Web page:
Daniel Wilkinson is a musician in his early twenties living in New York, the only child of two successful American academics. His parents want him to go back to college; Daniel wants to keep on writing songs with his best friend, Roland, in the hope that their band, Psychic Hearts, will break out on the club scene. Deming Guo is the eleven-year-old son of a Chinese immigrant mother who works in a nail salon. Born in the US but having spent his early childhood in China, he now feels he fits into the Fuzhounese community in the part of the Bronx where he lives with his mother, Polly (Peilan), her boyfriend, Leon, Leon’s sister, Vivian, and her son, Michael. However, when Polly abruptly disappears, Deming is eventually put into foster care, adopted, and renamed. As he adjusts to his new life as Daniel, Deming never leaves him: ‘Deming wouldn’t have the scar on his right forearm that Daniel had gotten from skateboarding with Roland in eighth grade. While Deming was growing up in Chinatown and the Bronx, was Daniel hibernating, asleep in Planet Ridgeborough?… Daniel had lay [sic] dormant in Deming until adolescence, and now Deming was a hairball tumor jammed deep in Daniel’s gut. Or Deming had never left Rutgers Street [his old home in the Bronx]; he’d been here all along.’
The Leavers, Lisa Ko’s wonderful debut novel, recalls Rowan Hisayo Buchanan’s debut Harmless Like You, which also deals with the reunion of an adult son with the mother who left him in New York long ago, although in Buchanan’s novel, the mother is Japanese and left her son when he was too young to remember her. Thinking about the two novels together made me reflect on the reader’s empathy. By any measure, Polly is less culpable than Yuki, the mother in Harmless Like You; she went to great lengths to access abortion when pregnant with Deming, so has ultimately been landed with a child she never chose to have, and, as we discover later in the novel, the reasons behind her abandonment of Deming are not what they seem. In contrast, Yuki exercises much greater agency when she chooses to leave her son, Jay. However, The Leavers starts by placing the young Deming’s perspective front and centre, whereas Harmless Like You focuses on the teenage Yuki’s struggles to be regarded as an artist despite the fact she’s both female and Japanese. Initially, then, I sympathised with Deming and Yuki more than Polly and Jay.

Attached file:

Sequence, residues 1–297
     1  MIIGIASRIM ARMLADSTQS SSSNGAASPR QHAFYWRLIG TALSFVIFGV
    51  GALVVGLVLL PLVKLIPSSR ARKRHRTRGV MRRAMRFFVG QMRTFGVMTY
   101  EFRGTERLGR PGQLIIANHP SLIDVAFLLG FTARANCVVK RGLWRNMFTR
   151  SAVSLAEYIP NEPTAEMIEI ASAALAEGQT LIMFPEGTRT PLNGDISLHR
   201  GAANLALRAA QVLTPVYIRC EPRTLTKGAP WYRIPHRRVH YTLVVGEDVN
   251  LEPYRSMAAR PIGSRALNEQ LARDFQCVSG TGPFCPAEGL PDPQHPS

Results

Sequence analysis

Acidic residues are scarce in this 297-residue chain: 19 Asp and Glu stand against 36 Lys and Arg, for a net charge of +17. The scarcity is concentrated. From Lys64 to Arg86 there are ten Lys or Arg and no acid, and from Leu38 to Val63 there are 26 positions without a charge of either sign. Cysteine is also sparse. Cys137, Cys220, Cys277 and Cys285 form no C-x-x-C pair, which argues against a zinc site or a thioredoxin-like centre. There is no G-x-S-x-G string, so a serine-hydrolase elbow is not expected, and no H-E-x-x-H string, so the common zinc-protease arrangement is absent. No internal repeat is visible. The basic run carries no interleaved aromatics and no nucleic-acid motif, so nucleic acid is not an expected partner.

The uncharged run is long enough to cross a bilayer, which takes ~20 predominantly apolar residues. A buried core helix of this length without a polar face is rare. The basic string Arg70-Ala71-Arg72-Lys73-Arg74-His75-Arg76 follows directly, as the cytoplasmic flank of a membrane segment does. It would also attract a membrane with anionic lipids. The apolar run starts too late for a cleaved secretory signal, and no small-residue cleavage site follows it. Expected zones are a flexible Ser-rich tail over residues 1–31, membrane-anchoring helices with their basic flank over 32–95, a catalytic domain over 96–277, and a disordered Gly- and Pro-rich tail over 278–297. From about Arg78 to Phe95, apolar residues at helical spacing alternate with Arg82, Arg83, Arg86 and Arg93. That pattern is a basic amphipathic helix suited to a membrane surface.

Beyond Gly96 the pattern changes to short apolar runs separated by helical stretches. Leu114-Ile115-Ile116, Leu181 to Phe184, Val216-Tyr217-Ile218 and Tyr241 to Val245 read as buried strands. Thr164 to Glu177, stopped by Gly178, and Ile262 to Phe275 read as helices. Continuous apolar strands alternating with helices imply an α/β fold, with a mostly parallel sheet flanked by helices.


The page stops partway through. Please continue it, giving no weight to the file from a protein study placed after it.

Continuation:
What The Leavers does so well, therefore, is to deconstruct our preconceptions about motherhood – especially Chinese motherhood – by forcing us to question why we feel like we’re on Deming’s ‘side’. Interestingly, Polly and Yuki’s choices of vocation may come into play here; Yuki is a visual artist, whereas Polly does manicures, and later becomes an English educator. As I discussed in my review of Convenience Store Woman, the automatic reverence Brits and Americans tend to extend to those working in the arts is pretty problematic. Polly’s ability to keep her family financially afloat is nothing short of amazing – and she’s also pretty brilliant at painting nails. The book is also scathing about the half-hearted efforts of Deming’s adoptive parents, Kay and Peter, to understand who he is and what he’s going through.
While some of the sections dealing with the tension between Daniel’s music career and his adoptive parents’ desire for him to get a college degree are a bit simplistic, The Leavers is, on the whole, a satisfyingly complex novel. Ultimately, it asks what we lose when we leave our closest connections for a chance of a better life, when ‘better’ is defined as more middle-class, more financially stable, more outwardly respectable. In this, it recalls Elena Ferrante’s Neapolitan quartet and Zadie Smith’s Swing Time, and also picks up some of the questions raised by Afua Hirsch’s Brit(ish) about where you belong when you feel you don’t belong anywhere. Both Deming’s and Daniel’s final answers are beautifully moving.
I received a free proof copy of this novel from the publisher for review.